Web-based Smoking Cessation Intervention: Transition From Inpatient to Outpatient

This study is ongoing, but not recruiting participants.
Sponsor:
Collaborator:
Information provided by (Responsible Party):
Kathy Harrington, University of Alabama at Birmingham
ClinicalTrials.gov Identifier:
NCT01277250
First received: January 12, 2011
Last updated: January 27, 2014
Last verified: January 2014
  Purpose

This project, "Web-based Smoking Cessation Intervention: transition from inpatient to outpatient," addresses smoking among hospitalized patients, whose rates are higher than among the general population. Hospitalization offers a unique opportunity to intervene, as it requires temporary abstinence and patients are focused on health concerns. Hypotheses: A tailored web-based and e-message smoking cessation program for current smokers that, upon hospital discharge, transitions the patient to continue a quit attempt when home will be effective. Further, the investigators hypothesize that this approach will be cost-effective. Specific Aims: 1. To test the effectiveness of a web-based smoking cessation intervention. 2. To determine the cost-effectiveness of this approach. Research Design - Methods: A randomized two-arm follow-up design will be used to test the effectiveness of an evidence- and theoretically-based smoking cessation program designed for post-hospitalization. Patients randomized to this arm will be contacted by hospital staff, trained as 'transition coaches,' to engage in Decide2Quit, an interactive web-based program that offers personalized and tailored messages, e-group support, and text messages promoting tobacco abstinence. All hospitalized patients will receive standardized smoking cessation materials. As well, physicians can order nicotine replacement therapy via the hospital's electronic order system. The investigators primary outcome is biologically confirmed and self-reported tobacco abstinence at 6 months follow-up; the investigators will also assess self-reported quit rates at 3 and 12 months and variables hypothesized to predict quit success. We will measure health care utilization and quality of life to allow testing the cost-effectiveness of this program conducted from the perspective of a hospital, health care payers, patients and society. Significance of results: At study completion the investigators will know whether imbedding smoking cessation into usual hospital care, with minimal hospital-staff burden, and an interactive web-based tailored intervention program is an effective way to reduce smoking rates among hospitalized patients, and if it is cost-effective. This program will be an "off the shelf approach that could be disseminated easily.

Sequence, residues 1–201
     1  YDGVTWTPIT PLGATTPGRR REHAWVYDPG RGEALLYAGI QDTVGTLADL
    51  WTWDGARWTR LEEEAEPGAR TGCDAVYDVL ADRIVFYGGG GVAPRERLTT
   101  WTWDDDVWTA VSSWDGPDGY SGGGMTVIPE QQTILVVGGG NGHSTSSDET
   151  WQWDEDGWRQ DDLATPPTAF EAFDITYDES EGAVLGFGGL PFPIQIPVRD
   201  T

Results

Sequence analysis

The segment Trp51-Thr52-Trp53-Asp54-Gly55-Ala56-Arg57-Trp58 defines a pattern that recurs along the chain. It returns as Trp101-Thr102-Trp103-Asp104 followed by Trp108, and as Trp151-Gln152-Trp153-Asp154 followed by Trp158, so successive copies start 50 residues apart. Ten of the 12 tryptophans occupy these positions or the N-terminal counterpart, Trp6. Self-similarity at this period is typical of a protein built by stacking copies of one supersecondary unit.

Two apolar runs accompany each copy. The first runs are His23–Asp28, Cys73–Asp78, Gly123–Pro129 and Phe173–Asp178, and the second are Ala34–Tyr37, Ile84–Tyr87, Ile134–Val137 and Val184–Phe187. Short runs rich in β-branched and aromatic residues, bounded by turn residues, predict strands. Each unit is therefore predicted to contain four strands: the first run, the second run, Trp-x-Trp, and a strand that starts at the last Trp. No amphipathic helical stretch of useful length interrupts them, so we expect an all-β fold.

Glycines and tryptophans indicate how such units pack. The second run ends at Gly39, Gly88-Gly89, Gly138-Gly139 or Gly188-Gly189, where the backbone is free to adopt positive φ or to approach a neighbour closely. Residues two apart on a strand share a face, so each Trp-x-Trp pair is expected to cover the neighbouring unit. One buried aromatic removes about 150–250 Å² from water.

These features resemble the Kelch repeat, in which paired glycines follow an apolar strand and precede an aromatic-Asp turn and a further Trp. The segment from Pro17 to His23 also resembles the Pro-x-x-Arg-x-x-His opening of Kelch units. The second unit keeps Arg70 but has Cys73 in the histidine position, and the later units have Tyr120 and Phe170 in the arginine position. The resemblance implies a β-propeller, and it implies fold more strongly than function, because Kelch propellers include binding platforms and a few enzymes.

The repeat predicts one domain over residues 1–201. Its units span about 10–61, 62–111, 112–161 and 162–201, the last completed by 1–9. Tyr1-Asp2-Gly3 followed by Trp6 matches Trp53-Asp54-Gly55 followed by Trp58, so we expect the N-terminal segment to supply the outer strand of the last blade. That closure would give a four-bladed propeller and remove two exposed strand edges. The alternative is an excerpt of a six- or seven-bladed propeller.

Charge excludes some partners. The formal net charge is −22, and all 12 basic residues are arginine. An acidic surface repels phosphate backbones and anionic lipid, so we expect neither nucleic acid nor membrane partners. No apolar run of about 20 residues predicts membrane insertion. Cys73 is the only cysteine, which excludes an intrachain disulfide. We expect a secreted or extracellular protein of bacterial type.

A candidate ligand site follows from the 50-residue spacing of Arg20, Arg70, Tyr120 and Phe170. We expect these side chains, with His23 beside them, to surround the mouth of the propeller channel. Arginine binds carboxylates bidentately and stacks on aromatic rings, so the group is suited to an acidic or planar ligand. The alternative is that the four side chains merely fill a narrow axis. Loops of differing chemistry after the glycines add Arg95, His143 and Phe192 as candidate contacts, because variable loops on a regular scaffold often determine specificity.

Condition Intervention Phase
Cigarette Smoking
Home Access to Internet and Email
Cognitively and Physically Able to Participate
English Speaking and Reading
Behavioral: Web-based smoking cessation program
Phase 4

Study Type: Interventional
Study Design: Allocation: Randomized
Endpoint Classification: Efficacy Study
Intervention Model: Parallel Assignment
Masking: Single Blind (Outcomes Assessor)
Primary Purpose: Treatment
Official Title: Web-based Smoking Cessation Intervention: Transition From Inpatient to Outpatient

Resource links provided by NLM:


Further study details as provided by University of Alabama at Birmingham:

Primary Outcome Measures:
  • Smoking abstinence [ Time Frame: 6 months ] [ Designated as safety issue: No ]
    Biochemically-verified (cotinine) and self-reported tobacco abstinence


Secondary Outcome Measures:
  • Smoking abstinence [ Time Frame: 3 and 12 months ] [ Designated as safety issue: No ]
    self-reported tobacco abstinence


Enrollment: 1488
Study Start Date: July 2011
Estimated Study Completion Date: November 2014
Estimated Primary Completion Date: May 2014 (Final data collection date for primary outcome measure)
Arms Assigned Interventions
Usual Care
Standard smoking cessation information provided to all hospitalized patients as part of discharge packet.
Behavioral: Web-based smoking cessation program